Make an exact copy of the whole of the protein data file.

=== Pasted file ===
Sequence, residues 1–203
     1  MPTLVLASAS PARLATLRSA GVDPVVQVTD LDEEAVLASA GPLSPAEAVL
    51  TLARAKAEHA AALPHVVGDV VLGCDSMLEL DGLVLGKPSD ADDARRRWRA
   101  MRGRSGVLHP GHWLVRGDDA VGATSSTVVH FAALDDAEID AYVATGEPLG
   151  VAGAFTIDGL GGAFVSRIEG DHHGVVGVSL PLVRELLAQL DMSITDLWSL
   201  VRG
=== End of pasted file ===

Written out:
Sequence, residues 1–203
     1  MPTLVLASAS PARLATLRSA GVDPVVQVTD LDEEAVLASA GPLSPAEAVL
    51  TLARAKAEHA AALPHVVGDV VLGCDSMLEL DGLVLGKPSD ADDARRRWRA
   101  MRGRSGVLHP GHWLVRGDDA VGATSSTVVH FAALDDAEID AYVATGEPLG
   151  VAGAFTIDGL GGAFVSRIEG DHHGVVGVSL PLVRELLAQL DMSITDLWSL
   201  VRG